WHEN dandelions star the fields,
Another alien singer, I,
Nursed upon England's flowery wealds,
Seeking no tithe of treasured yields,
Drop sudden from a summer sky
To where the spangled clearing spills
Its gold about your timbered hills.
A mite in splendid motley clad,
I mark the field, I know the hour
When choicest morsels may be had;
When blooms are gay, when days are glad.
And thistledown wafts in a shower
To dance and drift and disappear,
I, who was not, am with you here.
I cling beside the thistle head,
I dance about your cattle's feet,
I revel in the banquet spread
By many a blazing yellow bed,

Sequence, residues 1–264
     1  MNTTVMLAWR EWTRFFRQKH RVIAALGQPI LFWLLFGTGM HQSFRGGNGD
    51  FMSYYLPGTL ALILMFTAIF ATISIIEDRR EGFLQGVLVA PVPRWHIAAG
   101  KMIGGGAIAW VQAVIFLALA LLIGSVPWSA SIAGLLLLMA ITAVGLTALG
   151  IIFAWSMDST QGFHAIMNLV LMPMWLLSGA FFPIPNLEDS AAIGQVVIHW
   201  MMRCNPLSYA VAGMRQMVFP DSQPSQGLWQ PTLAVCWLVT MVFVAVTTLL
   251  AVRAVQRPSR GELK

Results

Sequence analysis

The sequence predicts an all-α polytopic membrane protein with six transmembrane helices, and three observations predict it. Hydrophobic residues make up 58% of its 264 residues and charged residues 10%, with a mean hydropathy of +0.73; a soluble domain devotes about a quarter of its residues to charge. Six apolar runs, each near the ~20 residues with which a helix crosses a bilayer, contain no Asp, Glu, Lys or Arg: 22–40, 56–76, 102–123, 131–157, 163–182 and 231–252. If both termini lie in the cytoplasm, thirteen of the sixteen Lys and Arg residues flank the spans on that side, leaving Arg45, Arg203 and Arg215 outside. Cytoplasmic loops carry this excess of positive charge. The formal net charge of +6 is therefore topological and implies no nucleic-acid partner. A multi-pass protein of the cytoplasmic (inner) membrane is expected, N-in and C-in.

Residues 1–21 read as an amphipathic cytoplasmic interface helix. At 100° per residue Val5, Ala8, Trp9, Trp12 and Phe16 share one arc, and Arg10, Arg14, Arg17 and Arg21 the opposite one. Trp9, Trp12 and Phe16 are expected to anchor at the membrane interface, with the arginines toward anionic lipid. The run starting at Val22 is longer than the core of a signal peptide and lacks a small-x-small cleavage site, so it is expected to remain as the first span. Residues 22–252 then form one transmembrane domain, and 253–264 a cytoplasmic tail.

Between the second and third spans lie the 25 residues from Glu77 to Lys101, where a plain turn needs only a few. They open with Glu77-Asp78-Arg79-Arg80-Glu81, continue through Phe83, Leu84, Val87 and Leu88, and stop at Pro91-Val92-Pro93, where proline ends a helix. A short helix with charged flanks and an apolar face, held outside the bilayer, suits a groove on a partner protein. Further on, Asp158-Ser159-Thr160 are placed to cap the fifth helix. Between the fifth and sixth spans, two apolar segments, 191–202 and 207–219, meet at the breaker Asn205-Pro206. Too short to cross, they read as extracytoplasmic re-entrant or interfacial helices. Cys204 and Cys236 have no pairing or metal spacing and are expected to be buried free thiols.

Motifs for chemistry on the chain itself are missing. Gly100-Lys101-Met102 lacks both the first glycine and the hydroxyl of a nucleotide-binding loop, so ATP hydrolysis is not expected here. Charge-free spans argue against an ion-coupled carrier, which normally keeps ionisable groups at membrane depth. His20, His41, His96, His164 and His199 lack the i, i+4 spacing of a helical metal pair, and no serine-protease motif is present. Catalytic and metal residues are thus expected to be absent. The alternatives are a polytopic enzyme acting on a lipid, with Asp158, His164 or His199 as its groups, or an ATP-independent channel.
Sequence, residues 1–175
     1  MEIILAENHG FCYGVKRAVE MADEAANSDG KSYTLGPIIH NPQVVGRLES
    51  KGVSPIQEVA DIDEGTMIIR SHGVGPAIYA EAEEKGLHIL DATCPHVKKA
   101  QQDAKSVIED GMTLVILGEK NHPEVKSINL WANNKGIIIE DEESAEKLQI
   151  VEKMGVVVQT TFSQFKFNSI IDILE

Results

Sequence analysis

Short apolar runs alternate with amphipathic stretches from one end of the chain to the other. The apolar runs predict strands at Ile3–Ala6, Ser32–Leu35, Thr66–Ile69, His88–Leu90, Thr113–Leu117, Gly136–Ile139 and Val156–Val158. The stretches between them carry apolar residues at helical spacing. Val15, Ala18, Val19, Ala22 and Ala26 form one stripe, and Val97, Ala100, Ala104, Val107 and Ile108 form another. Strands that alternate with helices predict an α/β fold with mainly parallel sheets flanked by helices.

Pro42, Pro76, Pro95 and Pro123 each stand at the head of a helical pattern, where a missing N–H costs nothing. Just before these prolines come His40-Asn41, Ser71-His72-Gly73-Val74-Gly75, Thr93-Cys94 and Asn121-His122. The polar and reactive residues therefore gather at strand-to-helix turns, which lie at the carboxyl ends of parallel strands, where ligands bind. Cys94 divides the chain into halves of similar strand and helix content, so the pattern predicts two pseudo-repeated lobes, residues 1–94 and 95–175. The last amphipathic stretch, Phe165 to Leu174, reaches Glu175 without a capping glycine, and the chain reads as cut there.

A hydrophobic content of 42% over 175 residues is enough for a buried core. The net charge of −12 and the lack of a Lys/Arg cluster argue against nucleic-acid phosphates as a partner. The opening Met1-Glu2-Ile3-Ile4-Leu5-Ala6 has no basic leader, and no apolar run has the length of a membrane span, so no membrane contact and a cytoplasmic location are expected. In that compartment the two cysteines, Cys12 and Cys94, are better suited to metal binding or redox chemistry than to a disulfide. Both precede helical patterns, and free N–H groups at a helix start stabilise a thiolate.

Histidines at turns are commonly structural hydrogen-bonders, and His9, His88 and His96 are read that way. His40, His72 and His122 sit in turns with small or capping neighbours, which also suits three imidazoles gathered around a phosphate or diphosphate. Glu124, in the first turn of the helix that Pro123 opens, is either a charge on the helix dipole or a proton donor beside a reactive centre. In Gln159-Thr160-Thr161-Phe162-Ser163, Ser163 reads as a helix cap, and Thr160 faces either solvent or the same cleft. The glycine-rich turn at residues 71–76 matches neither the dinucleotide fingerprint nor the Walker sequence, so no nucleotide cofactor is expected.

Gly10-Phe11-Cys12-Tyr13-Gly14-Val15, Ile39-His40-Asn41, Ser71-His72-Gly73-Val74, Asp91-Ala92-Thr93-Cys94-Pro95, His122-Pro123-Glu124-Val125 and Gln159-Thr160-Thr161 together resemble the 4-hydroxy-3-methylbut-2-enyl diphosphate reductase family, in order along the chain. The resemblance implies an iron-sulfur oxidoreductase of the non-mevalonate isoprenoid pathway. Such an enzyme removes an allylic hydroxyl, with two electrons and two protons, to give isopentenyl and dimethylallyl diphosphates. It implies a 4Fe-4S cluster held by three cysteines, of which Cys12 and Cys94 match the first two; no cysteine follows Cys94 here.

And feast until I am replete;
Then seek the house roof's topmost tile
To linger yet a little while.
No ingrate I, no niggard churl--
Tho' what I take you well may spare--
Ere azure skies have grown to pearl,
With many a grace-note, many a skirl,
I pay gold coin for golden fare,
And proffer an abundant fee
In long sweet bursts of melody.
The English Goldfinch
by C J Dennis (1876-1938)
The Singing Garden (1935) p.79.